Thursday, March 3, 2016

Paleo-Orthodoxy: Wandering Thoughts


Once people have started praying, the most common barrier to prayer is wandering thoughts, even among people who have a consistent prayer life for years.

Ø  In a global survey of prayer run by the Teal Trust in 1998, over 80% of respondents found this at least "sometimes a problem".
Ø  Two thirds also found noise or other distractions a problem. 
Ø  A similar survey by the Evangelical Alliance found that "keeping concentration" was also an issue, with 40% of respondents mentioning this as a barrier to prayer.

Things to consider:
Ø  Many Christians lead busy lives, with our minds working in overdrive to cover all of the things that we need to think about and accomplish
Ø  When we stop to pray, it takes time for our mind to change track and to focus in on God
Ø  Expect there to be times when your mind will be distracted learn affective methods of dealing with it
Ø  Don't “beat yourself up” over wandering thoughts; but at the same time don’t be content to let your thoughts wander
Ø  Just as when we are in conversation with others, our minds do have some apparently irrelevant thoughts, and need to be returned to the topic at hand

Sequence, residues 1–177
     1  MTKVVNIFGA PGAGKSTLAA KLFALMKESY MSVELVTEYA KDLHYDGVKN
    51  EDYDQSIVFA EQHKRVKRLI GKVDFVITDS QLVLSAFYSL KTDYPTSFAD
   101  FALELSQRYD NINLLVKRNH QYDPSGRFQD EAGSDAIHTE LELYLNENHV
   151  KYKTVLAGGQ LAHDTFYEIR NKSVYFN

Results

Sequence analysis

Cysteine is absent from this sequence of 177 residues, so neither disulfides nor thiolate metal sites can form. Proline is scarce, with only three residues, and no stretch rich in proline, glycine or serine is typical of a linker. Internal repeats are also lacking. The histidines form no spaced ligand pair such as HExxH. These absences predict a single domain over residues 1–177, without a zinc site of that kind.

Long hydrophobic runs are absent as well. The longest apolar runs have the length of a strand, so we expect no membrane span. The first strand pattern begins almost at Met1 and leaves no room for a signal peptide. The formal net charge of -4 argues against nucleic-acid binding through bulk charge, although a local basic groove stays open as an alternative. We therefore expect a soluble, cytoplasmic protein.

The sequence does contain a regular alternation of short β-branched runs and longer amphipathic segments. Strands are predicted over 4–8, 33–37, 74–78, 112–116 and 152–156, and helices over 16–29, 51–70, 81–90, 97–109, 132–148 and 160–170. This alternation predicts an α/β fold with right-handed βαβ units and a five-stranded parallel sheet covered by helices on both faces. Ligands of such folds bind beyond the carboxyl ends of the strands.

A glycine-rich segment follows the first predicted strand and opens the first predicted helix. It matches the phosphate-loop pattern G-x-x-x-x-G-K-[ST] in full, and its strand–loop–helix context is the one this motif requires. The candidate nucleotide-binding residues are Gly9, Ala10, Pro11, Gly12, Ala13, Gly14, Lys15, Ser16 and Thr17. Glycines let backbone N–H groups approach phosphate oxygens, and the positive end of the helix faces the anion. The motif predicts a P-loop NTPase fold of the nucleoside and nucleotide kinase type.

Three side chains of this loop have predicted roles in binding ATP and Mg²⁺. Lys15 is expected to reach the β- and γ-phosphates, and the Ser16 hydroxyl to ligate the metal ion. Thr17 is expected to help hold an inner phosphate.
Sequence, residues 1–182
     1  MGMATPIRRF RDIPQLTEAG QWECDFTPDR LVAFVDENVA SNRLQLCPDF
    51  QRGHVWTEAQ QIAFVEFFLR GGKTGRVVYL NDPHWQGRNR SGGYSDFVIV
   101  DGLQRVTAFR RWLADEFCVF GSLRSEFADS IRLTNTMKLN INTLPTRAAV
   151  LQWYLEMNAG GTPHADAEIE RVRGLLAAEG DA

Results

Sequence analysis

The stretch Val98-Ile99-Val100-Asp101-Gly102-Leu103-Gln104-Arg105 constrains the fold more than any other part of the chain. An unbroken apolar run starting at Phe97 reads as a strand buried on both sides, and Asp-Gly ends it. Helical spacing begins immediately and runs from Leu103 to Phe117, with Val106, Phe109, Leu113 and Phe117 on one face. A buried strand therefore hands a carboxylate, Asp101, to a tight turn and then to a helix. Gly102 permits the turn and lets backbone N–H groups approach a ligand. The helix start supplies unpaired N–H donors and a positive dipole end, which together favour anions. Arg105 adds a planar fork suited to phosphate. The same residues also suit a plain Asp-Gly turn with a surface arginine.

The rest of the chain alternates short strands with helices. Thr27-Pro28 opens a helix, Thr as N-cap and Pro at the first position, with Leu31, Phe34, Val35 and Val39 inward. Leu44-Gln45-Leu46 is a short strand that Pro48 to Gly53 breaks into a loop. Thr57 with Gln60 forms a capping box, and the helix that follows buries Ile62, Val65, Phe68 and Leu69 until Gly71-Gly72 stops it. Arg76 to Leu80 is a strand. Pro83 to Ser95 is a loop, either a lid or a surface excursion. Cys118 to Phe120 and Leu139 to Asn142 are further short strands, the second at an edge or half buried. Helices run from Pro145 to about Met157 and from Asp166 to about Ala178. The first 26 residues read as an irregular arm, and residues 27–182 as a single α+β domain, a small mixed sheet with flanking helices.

Ø  Remember that Satan will do his best to distract us when we pray  

Helpful Hints:

  1. Ask God to help you bring your wandering thoughts into captivity
  2. Remove yourself physically from as many distractions as possible
  3. Listen to a praise and worship CD
  4. Sing to the Lord a hymn or praise chorus
  5. Read a psalm or another passage from the Bible and meditate on it
  6. Pause and reflect on what you have to be thankful for
  7. Bring those distractions to God in prayer
  8. Quickly write those distractions down and then go on praying
  9. Write out your prayers
  10. Pray in a different location

Material adapted from: Prayer Guide

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